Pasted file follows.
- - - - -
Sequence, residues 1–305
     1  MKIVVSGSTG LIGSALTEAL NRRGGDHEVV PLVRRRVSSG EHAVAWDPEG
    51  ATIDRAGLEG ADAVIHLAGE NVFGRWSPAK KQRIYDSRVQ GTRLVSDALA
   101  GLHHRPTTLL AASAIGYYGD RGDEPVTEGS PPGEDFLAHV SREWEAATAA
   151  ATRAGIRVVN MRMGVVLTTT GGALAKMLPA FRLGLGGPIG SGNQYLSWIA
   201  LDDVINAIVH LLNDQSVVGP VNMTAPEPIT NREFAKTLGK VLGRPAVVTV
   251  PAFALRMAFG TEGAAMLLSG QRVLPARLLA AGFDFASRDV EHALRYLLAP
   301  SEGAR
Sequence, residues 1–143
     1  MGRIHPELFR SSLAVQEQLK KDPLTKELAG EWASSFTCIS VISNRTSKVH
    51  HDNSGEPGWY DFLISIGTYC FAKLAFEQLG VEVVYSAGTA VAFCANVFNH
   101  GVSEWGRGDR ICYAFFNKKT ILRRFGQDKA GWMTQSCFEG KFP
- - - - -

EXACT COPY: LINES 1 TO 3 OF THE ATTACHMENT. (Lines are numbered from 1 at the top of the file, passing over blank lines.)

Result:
Sequence, residues 1–305
     1  MKIVVSGSTG LIGSALTEAL NRRGGDHEVV PLVRRRVSSG EHAVAWDPEG
    51  ATIDRAGLEG ADAVIHLAGE NVFGRWSPAK KQRIYDSRVQ GTRLVSDALA